By Jenny Irvine, Chief Executive of Arc Healthy Living Centre, Irvinestown 

For many months now survivors of abuse have been sharing their experience of harm with Rodney, for many they have finally found someone that will listen and the Impartial Reporter has become a place where they can unburden themselves of their terrible secrets, of the shattering, shaming and isolating experiences of sexual abuse. Their accounts tell us that too often they have been disappointed by agencies they sought help from. For too long some institutions and indeed communities have remained silent about these emerging testimonies, ignored the complaints and minimized the experiences through fear, ignorance, and lack of knowledge of what “to do for best”, or at worst self-protective denial.

Abuse is endemic within our society. Statistics clearly indicate that child sexual abuse was and remains prevalent, along with the sexual abuse and exploitation of both women and men, including those who are particularly vulnerable. The shameful truth is the majority of victims find little or no redress within the criminal justice system, and few resources to meet their needs within the wider community.

It is important to acknowledge that abuse in Fermanagh was perpetrated by some in positions of power or responsibility, and important to recognize that survivors have often found an inadequate response to appeals for justice. In acknowledging this, we seek to pave the way for creating communities that are safe enough for all to belong, and where survivors can relate their experiences, confident that they will be heard and receive care and support. While significant improvements have been made to make our children safer today, accounts of sexual abuse from the past are coming to the surface every week. Responding to such accounts is not easy, however it is necessary.

Fermanagh owes much to those who have survived sexual abuse and have had the courage to tell their story. Their wisdom, courage, tenacity and sensitivity, as well as the insights into the lessons we need to learn, are an invaluable and an integral part of safeguarding children now and into the future. However, survivors are also people with particular needs, and we want to ensure they do not suffer further harm as a result of a poor response from agencies they now seek help from.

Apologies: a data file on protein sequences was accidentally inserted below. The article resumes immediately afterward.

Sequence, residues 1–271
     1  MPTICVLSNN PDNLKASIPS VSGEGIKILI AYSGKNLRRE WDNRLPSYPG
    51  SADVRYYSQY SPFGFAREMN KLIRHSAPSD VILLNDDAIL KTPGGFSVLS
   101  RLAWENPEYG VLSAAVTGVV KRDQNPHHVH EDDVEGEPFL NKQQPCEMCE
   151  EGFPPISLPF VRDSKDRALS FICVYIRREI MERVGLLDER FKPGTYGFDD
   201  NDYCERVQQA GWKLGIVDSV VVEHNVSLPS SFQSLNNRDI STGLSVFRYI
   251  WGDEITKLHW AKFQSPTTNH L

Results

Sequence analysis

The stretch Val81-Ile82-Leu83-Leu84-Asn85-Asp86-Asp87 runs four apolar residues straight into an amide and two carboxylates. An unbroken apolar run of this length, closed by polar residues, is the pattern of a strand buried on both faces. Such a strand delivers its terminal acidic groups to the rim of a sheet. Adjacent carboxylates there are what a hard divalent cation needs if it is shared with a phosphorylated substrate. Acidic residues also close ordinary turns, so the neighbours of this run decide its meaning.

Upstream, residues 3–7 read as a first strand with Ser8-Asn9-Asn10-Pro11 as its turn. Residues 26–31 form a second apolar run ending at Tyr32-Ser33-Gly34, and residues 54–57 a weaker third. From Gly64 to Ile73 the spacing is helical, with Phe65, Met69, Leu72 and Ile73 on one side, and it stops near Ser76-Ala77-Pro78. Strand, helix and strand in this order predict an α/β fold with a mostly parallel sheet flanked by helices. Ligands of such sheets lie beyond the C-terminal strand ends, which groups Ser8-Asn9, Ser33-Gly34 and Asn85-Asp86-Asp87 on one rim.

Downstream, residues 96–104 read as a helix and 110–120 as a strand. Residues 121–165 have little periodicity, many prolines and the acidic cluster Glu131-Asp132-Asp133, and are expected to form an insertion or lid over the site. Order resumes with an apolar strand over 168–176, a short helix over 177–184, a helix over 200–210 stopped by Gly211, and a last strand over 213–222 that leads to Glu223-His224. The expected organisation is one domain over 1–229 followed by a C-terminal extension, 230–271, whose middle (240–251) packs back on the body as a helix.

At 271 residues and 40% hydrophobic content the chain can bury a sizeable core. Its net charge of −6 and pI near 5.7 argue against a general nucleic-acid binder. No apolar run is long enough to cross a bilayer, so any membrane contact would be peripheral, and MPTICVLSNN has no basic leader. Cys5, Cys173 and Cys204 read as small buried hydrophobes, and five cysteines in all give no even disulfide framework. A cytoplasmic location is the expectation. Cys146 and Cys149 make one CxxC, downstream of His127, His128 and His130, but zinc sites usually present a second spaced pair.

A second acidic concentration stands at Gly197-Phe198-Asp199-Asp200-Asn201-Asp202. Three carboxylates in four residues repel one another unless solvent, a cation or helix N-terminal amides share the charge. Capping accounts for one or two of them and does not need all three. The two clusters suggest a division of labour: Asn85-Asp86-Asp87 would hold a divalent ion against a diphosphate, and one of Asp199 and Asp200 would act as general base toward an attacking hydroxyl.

Sexual abuse impacts on many people: the individual who has suffered the abuse; partners, friends and family; the person hearing a disclosure; and the community, particularly when the process of disclosure leads to conflict between groups or individuals within the community. We need to be sensitive also to the impact of disclosures on innocent relatives of abusers, they also may be feeling shattered, shamed and isolated. Now we need to aim to help everyone in identifying and beginning to work through the dilemmas that need to be addressed: the need for self-awareness; for support; for sufficient time to enable the process to unfold; for informed sensitivity and compassion; and for assertive action to provide justice or to ensure safety where this is necessary.  Given the harrowing nature of the accounts printed I have for some time now requested a health and social care trauma informed response to support survivors, specialist services that support the recovery and wellbeing of our community. I am confident that this will be put in place as a matter of urgency.